Very sad. They say Islam is a relegion of peace ! If this is true how can such cruel things be done by the followers of Islam ? I think such people mindlessly bring disrepute to Islam. People comment that ALLAH IS GOOD, BUT THE MULLAH IS BAD. Whatever it may be just imagine the torture to the parents…and to the helpless Hindu Society in Pakistan. Let alone relegion, will ordinary human decency permit this.? Enlightened muslims in Pakistan should go to protect the helpless Hindus. But will they ?Recommend

  • sara
    Jan 2, 2012 - 10:02AM

    its just illeteracy n nothing else and ppl give it name, as for the sake of religion. its not acceptable in Islam, these illeterate ppl making Islam’s image worse among other religions.


  • Prabhjyot Singh Madan
    Jan 2, 2012 - 3:50PM

    How can a minor consent to a marriage anyways. We have crimes against minors too but bringing two great religions into a confrontation mode is sad. A constable bragging about it is worse. Anyways, in a few decades there will be no such group such as “minorities” left in Pakistan. I guess, it would be “sects against sects” then. It was a shocking to read this article. Peace, ssa, everyone.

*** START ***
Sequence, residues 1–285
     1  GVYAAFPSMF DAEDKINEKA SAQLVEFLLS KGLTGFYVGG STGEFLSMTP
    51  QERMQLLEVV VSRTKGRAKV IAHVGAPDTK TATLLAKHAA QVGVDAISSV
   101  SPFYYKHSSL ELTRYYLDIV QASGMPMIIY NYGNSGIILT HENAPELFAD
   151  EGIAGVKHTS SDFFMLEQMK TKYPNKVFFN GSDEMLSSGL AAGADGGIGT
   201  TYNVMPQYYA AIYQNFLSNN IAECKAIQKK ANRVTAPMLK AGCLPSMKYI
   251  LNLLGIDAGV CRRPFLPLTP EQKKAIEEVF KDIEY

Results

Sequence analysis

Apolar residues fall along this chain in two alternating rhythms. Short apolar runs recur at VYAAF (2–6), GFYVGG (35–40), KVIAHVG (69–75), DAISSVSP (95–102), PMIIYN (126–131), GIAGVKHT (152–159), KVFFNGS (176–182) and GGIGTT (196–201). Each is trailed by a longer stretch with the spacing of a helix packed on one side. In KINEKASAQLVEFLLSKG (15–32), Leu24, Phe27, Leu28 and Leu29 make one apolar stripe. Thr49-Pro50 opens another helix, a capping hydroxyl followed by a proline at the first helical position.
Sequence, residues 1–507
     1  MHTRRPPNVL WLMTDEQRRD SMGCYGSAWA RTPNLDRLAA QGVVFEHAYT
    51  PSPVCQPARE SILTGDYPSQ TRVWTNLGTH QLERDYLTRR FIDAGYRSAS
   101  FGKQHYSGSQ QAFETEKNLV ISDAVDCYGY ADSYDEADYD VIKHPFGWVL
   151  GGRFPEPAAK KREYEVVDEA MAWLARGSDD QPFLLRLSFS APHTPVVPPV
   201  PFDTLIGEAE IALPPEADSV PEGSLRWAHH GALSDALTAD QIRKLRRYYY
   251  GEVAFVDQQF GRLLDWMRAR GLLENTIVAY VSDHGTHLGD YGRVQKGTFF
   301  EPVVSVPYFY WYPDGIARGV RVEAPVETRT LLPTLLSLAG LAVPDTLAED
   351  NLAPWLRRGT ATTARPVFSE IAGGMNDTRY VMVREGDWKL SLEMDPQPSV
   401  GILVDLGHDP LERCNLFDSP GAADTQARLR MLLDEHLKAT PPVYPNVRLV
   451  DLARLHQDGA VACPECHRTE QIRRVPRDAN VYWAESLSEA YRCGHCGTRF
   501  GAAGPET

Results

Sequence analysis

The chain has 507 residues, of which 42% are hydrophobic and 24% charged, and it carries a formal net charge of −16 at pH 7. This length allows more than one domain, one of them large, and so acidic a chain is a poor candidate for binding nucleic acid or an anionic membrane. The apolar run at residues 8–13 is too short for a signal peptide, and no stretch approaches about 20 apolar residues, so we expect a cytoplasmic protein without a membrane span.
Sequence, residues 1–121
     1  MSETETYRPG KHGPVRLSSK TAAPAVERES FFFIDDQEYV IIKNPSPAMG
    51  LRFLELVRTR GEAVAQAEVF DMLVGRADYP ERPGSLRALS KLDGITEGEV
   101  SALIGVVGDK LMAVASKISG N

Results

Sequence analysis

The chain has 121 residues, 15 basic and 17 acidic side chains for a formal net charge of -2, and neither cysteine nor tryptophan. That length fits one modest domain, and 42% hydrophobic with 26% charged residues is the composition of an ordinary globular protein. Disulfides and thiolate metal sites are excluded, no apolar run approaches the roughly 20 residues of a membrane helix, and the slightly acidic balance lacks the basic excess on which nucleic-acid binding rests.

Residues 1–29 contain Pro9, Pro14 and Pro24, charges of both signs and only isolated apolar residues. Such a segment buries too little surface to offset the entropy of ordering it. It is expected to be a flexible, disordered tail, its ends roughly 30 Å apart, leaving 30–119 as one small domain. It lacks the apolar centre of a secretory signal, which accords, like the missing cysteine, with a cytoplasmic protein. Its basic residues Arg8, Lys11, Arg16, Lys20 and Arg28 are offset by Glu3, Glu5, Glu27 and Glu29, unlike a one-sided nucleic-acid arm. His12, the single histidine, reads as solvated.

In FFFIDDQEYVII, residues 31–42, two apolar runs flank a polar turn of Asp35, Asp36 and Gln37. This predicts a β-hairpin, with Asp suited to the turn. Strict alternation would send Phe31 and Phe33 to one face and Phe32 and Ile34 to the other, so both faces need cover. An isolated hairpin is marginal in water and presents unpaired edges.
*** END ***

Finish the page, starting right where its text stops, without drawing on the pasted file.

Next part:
• a k g
    Jan 2, 2012 - 6:54PM

    some people act on their own contrary to the teachings of religion with their own interpretation.mature age ,expressed willful consent is necessary.also it is the responsibility of state to protect minorties .what state has done in cases of force ful conversions is evident from its past should not expect anything new except some reassuarances.


  • Giri
    Jan 2, 2012 - 9:22PM

    “Her father-in-law Mohammad Anwar, a constable at the Preedy police station, did not leave her side for a minute”

    That shows she was scared to death.


  • Bijoy
    Jan 3, 2012 - 5:42PM

    What is proof that Ayesha has been forcibly converted?
    When anyone converts to a religion (mainly Islam), many people (falsely) say that she/he has been converted forcibly.
    Listen to that girl, what she says.
    She says that she has converted to Islam for her own will. Now, it is against human right to say she has been forcibly converted.

    What everyone needs is only to listen to the words of that girl.
    She has her right to convert to any religion, if the constitution allow her.
    It is a non-sense case.